AMA Racer Re-visited

AMA Racer in Flight

Bill Kuhl ScienceGuyOrg

I noticed the local hobby shop had some AMA Cub and AMA Racer kits, I have plenty of AMA Cub parts from a bulk purchase so I bought an AMA Racer kit. In my basement I still have the first AMA Racer I built using the heavy plan material covering. My thought was to build the new one covering it with tissue, I also eliminated a small amount of weight by leaving off the small spruce piece used to hold the wing on with tiny rubber bands.

Frank Ehling, a legend in model aviation designed both the AMA Cub and AMA Racer. Wingspan of the AMA Racer is longer at 18” but because of the swept back wing it is skinny near the wing tips; that is not much surface area near the tips. Building the AMA Racer could be a little more difficult for beginners because of all the angle cuts required for surfaces that are triangle shapes. The AMA Cub had these shapes too but the joints were made by folding over the covering material at the tips so a proper fit was not so important. The beauty of the Squirrel design was that everything is a straight cut across the balsa strips which is easier for many beginners, Squirrel kits have the pieces laser-cut now.

Completed Frameworks Ready for Covering

To build the AMA Racer I covered the plan material with wax paper and held the strips down with push pins stuck into a piece of ceiling tile, conventional model airplane construction technique. Tissue paper was attached to the balsa framework with glue stick. Spruce strip is used as a tail boom in the AMA Racer, gluing this to the front of the motor stick gives the negative incidence in the stabilizer. This plane has the normal V-dihedral so you want to get a good glue joint in the center of the wing because of the stress there. I glued the wing to the motor stick and left the nose portion of the motor stick plenty long, cutting it off to achieve proper balance. If I can avoid adding weight for balance I try every trick possible first before adding weight.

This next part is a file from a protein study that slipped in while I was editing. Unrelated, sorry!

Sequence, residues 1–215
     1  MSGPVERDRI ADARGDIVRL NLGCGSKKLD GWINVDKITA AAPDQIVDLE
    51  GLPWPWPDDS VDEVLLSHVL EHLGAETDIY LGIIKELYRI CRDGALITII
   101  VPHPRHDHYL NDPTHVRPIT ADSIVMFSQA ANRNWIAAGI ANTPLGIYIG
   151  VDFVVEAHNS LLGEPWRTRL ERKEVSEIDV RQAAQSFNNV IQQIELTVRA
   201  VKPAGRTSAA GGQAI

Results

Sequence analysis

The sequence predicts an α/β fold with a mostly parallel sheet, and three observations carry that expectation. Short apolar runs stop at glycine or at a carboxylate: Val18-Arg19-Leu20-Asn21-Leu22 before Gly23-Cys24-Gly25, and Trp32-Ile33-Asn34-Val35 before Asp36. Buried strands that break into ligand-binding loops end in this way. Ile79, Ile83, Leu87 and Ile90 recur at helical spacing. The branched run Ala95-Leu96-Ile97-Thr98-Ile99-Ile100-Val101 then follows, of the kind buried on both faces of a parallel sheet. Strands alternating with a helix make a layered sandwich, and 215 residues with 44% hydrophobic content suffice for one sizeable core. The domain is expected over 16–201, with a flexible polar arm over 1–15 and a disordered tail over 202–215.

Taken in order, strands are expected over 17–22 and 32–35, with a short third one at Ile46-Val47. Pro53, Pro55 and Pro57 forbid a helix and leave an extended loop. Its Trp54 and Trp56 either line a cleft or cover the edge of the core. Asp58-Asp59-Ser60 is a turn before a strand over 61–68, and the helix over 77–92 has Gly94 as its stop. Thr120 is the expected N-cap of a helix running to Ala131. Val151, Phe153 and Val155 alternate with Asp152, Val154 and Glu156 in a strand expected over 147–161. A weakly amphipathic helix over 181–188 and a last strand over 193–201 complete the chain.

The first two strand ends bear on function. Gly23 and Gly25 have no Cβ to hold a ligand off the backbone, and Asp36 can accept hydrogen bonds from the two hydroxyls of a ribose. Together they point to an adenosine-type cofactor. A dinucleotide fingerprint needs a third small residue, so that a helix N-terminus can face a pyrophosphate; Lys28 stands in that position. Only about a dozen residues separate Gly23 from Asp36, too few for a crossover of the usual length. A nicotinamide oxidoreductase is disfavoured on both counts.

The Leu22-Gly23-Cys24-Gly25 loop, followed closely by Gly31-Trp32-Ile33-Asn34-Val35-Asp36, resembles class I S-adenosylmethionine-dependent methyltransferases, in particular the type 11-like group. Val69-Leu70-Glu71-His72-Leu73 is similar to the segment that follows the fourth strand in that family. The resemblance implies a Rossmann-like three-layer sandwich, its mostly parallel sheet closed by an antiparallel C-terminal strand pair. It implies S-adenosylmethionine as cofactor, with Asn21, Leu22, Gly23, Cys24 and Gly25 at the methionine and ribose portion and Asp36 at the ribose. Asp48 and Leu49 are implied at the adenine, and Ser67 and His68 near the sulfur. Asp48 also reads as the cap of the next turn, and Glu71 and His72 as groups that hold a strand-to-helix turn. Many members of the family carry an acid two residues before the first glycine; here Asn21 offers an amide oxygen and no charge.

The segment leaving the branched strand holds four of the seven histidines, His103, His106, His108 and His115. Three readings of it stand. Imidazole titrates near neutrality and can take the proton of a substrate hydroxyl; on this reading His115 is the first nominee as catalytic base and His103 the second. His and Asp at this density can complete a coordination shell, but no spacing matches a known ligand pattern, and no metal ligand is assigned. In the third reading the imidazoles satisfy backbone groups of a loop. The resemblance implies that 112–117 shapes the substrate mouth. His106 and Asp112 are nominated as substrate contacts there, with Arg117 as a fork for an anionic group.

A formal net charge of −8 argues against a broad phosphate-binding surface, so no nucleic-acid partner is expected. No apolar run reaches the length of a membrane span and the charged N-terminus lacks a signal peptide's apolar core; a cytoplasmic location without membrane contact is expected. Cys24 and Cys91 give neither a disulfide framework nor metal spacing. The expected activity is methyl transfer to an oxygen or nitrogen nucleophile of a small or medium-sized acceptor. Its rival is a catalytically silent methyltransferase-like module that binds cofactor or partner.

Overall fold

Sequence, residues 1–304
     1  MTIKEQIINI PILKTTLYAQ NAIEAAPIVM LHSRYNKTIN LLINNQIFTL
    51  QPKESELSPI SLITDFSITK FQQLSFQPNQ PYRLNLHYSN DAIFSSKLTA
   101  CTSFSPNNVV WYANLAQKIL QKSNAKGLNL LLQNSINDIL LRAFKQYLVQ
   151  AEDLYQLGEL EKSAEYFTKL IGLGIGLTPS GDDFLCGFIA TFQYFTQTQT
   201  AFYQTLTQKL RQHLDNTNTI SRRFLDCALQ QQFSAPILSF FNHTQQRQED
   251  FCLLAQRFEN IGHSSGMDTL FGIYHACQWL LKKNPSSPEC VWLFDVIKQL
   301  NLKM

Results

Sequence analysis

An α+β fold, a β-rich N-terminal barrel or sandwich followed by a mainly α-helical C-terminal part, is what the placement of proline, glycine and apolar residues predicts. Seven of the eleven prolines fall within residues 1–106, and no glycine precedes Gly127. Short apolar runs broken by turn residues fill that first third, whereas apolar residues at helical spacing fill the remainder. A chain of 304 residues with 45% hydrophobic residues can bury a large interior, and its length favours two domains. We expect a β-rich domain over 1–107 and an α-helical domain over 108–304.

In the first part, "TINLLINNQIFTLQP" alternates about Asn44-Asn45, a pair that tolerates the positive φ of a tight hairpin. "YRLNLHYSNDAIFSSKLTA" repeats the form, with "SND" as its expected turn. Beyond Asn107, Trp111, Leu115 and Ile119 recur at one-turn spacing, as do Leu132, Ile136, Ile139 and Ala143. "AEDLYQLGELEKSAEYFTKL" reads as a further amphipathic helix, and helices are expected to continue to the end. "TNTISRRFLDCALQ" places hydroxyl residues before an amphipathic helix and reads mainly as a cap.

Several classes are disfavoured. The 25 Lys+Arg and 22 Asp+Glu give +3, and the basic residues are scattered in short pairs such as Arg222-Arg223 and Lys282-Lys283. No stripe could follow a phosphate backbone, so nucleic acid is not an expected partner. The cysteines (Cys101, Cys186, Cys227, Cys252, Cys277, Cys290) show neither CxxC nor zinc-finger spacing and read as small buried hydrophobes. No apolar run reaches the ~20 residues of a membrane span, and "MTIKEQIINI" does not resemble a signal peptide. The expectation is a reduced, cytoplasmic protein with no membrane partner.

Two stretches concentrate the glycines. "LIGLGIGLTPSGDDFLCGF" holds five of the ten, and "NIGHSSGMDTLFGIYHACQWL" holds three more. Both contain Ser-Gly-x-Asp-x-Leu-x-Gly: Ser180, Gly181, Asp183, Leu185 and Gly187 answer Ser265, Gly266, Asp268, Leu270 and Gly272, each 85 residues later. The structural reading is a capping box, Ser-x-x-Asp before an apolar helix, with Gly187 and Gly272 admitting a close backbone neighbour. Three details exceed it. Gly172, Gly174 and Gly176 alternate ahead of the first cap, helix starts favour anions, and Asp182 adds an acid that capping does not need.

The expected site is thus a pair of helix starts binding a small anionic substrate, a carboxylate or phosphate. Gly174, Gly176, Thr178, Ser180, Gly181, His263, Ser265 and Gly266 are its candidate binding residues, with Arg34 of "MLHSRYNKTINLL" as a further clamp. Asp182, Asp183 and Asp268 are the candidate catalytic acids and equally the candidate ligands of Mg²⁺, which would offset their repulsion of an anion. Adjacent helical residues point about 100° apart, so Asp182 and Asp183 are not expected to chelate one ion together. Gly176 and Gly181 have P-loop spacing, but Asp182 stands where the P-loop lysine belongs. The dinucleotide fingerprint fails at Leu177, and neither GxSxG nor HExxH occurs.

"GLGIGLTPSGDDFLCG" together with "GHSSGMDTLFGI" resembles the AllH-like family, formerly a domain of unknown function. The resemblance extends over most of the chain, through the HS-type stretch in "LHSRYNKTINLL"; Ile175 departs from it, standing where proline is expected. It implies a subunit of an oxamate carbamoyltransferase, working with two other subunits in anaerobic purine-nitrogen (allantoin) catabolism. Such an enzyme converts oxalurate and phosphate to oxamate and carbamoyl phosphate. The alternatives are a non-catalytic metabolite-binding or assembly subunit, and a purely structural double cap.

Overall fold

Flying the AMA Racer is fun in that it flies slower than some other models of this type yet it climbs easily on 3/32” rubber strip. The AMA Racer can be purchased from Sig Manufacturing or AMA is selling individual kits of the AMA Racer also.

Note:  Dave Gee that is on AMA Education committee suggested that the AMA Racer flies better if you cover the bottom of the stabilizer instead of the top. This would also give a wood to wood joint instead of wood to tissue.  I plan to try this on another AMA Racer.

 


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